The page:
1968: NMCB 1’s advance party of two officers and 18 men deployed via one C-141 from Da Nang, Republic of Vietnam, to Davisville, Rhode Island.
1943: 65th NCB inactivated at Camp Endicott, Davisville, Rhode Island.
1956: The last of the initial contingent of Seabees was evacuated from the South Pole Station by U.S. Navy aircraft. On Nov. 20, eight Seabees and 11 dogs landed at the geographic South Pole in aircraft of Air Development Squadron 6. There they constructed facilities and impacted snow for an airstrip.
1965: Team 1105 departed Pleiku, Pleiku Province, for Detachment Headquarters at Tan Son Nhut, thus ending the Seabee Team Program in support of the U.S. Army Special Forces and Civilian Irregular Defense Group (CIDG) Program.
1967: Equipment Operator (Construction) 3rd Class Nicholas G. Walz and Equipment Operator (Construction) 3rd Class Lester L. Williams of NMCB 3 died instantly as a result of a Viet Cong mining incident.
1969: Three Seabees attached to Seabee Team 0103 were wounded in action when their front end load detonated a road mine, 10km northeast of My Tho.
1942: 54th NCB commissioned at Camp Bradford, Norfolk, Virginia. 56th NCB commissioned NCTC Norfolk, Virginia. 60th NCB formed at Camp Allen, Norfolk, Virginia.
1942: 58th NCB commissioned at Camp Allen, Norfolk, Virginia.
1943: Seabees of the 19th NCB joined the First Marine Division in the assault on Japanese-held Cape Gloucester, New Britain. During the battle, Seabees bulldozed paths to the Japanese lines so that American tanks could attack hostile positions. By New Year’s Day, the Japanese airstrips were captured. However, during this first week, continuous enemy air raids resulted in five men of the battalion killed and 24 wounded.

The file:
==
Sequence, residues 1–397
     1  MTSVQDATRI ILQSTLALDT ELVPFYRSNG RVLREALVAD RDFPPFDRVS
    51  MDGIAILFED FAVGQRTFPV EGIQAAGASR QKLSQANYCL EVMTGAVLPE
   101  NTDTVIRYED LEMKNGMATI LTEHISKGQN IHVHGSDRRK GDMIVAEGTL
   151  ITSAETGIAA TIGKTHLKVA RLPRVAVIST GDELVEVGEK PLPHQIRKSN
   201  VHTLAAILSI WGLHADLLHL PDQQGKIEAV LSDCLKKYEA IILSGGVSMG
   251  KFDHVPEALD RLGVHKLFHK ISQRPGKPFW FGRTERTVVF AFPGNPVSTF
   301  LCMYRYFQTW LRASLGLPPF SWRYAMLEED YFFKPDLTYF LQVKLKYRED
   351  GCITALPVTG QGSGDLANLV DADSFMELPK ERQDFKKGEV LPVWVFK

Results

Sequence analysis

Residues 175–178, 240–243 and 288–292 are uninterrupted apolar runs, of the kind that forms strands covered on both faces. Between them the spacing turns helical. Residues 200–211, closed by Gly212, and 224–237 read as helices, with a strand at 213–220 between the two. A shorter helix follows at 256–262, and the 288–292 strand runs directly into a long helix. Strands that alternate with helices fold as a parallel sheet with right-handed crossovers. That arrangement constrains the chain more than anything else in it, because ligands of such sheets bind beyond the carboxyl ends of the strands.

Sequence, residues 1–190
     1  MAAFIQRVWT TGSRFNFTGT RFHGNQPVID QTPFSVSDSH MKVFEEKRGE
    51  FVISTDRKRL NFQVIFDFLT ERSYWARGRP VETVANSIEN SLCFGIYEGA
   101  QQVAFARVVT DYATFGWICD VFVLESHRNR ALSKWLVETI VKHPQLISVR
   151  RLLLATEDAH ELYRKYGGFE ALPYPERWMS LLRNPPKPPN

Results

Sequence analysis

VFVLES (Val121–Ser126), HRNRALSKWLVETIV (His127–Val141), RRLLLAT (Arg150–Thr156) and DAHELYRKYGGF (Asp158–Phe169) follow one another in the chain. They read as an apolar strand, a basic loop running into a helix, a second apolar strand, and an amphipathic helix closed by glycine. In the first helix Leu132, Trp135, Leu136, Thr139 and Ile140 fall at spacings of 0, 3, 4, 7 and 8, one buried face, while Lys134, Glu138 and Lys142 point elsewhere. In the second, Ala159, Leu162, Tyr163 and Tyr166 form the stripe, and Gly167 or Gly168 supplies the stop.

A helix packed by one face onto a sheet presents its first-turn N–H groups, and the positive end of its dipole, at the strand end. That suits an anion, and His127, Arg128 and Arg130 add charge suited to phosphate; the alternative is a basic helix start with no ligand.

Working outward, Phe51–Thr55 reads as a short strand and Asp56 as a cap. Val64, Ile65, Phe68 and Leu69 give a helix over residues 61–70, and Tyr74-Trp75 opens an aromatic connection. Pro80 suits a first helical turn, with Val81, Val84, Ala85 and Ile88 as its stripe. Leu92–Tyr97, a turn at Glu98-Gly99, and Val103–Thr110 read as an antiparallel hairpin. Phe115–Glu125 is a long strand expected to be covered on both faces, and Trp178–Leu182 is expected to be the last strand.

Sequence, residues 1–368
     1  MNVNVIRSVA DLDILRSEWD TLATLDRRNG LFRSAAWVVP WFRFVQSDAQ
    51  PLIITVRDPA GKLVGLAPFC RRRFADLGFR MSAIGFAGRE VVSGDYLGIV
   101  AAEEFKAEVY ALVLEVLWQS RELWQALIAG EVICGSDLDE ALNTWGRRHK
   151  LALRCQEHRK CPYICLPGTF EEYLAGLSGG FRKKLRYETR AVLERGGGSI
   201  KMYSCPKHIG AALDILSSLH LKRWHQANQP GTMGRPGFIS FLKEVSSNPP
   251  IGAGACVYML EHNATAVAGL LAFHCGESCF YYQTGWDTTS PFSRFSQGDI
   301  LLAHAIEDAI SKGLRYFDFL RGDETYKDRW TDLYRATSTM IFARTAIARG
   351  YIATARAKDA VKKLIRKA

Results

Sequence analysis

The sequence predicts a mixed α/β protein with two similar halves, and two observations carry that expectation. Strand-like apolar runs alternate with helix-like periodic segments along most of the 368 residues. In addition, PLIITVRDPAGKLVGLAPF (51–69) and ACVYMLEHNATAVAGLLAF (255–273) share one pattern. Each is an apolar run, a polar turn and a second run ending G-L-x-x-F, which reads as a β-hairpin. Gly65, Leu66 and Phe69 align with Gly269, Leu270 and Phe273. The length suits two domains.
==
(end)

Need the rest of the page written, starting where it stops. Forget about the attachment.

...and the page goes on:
1944: CBMU 629 was split into four detachments of one officer and six men each. Three of the detachments worked with small boat units in their preparation for the Rhine River crossing, and one of the detachments worked with an Army Engineer unit. The first detachment became the first Seabee unit to enter Germany on 26 December. Later, they assembled pontoon barges on the Rhine at Remagen. These barges were to be used in connection with strengthening the Ludendorff Bridge. When that structure collapsed, work on the barges stopped.
Dec. 26-31, 1956: California has been a frequent beneficiary of Seabee firefighting forces. Forest and brush fires have been a special hazard during the state’s dry season. Seabees from the Naval Construction Battalion Center (NCBC), Port Hueneme, California, manned the fire lines in the Malibu Canyon – Zuma Point area and helped contain one of the worst brush fires in California history. Seabees fought the blaze alongside civilian firefighters. In addition, Seabees were busy putting out small fires that cropped up along the highway, digging trenches, cutting fire breaks in the valley and gulleys surrounding the Zuma Mountain Range, helping residents protect their homes from the ravenous flames.